Watts eventually earned his degree, helped promote the Tour of Texas, and worked a variety of bike industry jobs before spending a few years helping develop the professional beach volleyball circuit. Ultimately he landed in Boulder, Colorado in the 1990s, just in time to catch the beginning of what would become an explosion in interest in cyclocross in America.

Watts teamed up with Chris Grealish, a long-time race promoter in Colorado’s Front Range, to build the Boulder Cup cyclocross race, before the two realized there was an opening for a big race in Las Vegas, alongside the huge — and since defunct — bike industry trade show Interbike. “There was nothing bike-related to do at Interbike. At six o’clock when the show was over, guys went out for steak dinners,” says Watts. “So the initial reception was, ‘This sounds cool. This sounds interesting.’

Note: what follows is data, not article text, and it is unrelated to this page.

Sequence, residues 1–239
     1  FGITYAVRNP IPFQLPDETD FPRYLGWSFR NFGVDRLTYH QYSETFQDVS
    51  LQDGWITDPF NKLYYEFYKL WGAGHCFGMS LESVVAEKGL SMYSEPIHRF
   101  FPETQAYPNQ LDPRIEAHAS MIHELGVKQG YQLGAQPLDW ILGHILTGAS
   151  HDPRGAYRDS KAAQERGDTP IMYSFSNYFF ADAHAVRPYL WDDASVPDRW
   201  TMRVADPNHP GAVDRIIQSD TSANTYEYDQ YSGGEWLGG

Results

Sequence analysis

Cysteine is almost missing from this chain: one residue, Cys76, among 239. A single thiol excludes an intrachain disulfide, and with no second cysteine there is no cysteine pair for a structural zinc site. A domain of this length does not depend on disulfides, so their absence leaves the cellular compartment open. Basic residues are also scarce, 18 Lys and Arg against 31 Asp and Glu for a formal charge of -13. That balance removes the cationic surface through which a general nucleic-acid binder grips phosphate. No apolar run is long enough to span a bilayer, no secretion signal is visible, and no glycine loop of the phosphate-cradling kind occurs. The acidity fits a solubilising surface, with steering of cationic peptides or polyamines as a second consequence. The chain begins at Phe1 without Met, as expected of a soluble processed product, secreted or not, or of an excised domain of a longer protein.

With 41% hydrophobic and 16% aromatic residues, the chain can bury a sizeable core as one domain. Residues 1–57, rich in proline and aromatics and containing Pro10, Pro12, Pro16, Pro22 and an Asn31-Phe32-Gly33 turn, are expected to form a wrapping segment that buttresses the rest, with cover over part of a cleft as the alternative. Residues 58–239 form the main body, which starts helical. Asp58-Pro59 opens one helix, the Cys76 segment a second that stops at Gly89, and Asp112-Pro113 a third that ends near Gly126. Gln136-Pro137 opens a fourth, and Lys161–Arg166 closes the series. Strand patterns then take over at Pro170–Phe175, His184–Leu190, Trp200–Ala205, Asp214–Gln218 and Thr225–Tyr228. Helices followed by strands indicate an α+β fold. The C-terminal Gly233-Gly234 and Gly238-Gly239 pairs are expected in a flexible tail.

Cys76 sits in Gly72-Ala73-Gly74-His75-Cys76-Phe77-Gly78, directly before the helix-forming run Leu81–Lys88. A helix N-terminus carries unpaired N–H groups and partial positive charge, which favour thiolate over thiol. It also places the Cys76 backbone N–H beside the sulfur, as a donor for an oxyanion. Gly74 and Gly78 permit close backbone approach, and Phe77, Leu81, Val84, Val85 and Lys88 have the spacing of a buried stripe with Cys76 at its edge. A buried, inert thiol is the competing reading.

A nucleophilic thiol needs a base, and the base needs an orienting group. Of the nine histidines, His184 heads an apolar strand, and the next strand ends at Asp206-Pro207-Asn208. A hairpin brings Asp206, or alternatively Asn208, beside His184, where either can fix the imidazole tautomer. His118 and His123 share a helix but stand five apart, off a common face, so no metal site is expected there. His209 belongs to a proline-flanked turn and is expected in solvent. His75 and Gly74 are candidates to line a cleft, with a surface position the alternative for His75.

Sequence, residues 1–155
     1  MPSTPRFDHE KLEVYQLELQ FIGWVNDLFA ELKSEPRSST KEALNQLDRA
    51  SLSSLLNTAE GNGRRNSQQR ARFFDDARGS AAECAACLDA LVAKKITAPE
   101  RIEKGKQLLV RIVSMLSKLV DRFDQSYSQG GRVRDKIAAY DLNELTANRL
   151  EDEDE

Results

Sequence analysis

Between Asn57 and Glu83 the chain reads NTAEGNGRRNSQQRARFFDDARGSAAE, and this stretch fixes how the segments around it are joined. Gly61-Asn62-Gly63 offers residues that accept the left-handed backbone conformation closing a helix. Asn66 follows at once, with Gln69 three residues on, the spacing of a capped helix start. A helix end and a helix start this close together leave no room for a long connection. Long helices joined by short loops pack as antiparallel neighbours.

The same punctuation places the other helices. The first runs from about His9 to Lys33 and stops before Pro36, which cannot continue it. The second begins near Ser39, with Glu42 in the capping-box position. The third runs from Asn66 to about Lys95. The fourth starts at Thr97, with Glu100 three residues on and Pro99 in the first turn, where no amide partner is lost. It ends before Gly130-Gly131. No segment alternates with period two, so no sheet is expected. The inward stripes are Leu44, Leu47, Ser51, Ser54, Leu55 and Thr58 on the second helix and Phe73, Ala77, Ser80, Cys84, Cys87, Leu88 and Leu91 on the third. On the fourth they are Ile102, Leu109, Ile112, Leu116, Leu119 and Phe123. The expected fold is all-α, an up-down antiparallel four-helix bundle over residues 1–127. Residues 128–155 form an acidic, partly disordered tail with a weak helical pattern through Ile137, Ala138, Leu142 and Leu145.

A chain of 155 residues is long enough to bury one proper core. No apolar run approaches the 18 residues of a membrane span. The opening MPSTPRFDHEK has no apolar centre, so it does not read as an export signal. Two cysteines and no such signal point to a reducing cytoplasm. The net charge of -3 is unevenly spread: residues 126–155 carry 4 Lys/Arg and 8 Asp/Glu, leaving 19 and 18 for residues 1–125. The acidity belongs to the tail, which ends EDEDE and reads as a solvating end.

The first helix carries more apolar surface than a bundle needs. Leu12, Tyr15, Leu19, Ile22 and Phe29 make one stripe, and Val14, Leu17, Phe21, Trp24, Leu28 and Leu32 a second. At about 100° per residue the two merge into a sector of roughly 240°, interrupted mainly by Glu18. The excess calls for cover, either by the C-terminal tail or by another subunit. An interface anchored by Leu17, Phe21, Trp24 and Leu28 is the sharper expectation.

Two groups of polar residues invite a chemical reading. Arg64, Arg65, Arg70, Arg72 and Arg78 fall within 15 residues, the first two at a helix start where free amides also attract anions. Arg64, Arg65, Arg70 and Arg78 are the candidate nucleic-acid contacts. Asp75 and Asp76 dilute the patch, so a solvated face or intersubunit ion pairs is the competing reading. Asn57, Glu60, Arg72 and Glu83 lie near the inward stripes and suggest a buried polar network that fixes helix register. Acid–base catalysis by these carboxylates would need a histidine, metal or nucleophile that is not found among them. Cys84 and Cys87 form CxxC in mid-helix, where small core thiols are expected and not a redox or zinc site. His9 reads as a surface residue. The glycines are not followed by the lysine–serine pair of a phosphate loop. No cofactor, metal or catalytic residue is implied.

Unusally rainy weather preceeds the 2011 Crossvegas cyclo-cross race in Las Vegas, USA.
Image: Balint Hamvas, Brook Watts

After early success in 2007, Watts added an industry race — the Wheelers and Dealers race — and interest grew more. In 2008 Watts invited Peter Van Den Abeele, a former Belgian pro cyclist who became the UCI’s off-road discipline directory and now serves as UCI’s overall sports director, to visit the race. “I remember Peter’s reception,” remembers Watts. “I picked him up at the hotel. We drove out there. You park in the parking lot and then you walk about three hundred meters before you see that bowl [the race venue], and Peter says, ‘Oh, my god, this should be a World Cup.

“And I said, ‘Yeah, right, whatever. You’re out of your mind.’ But 2008 was when it was really starting, the second year, there was some vibe, things were picking up, Erwin [Vervecken] came over because he was doing several races around the US… Lance [Armstrong] was there because he was making his big comeback. And things kind of took on a life of their own.”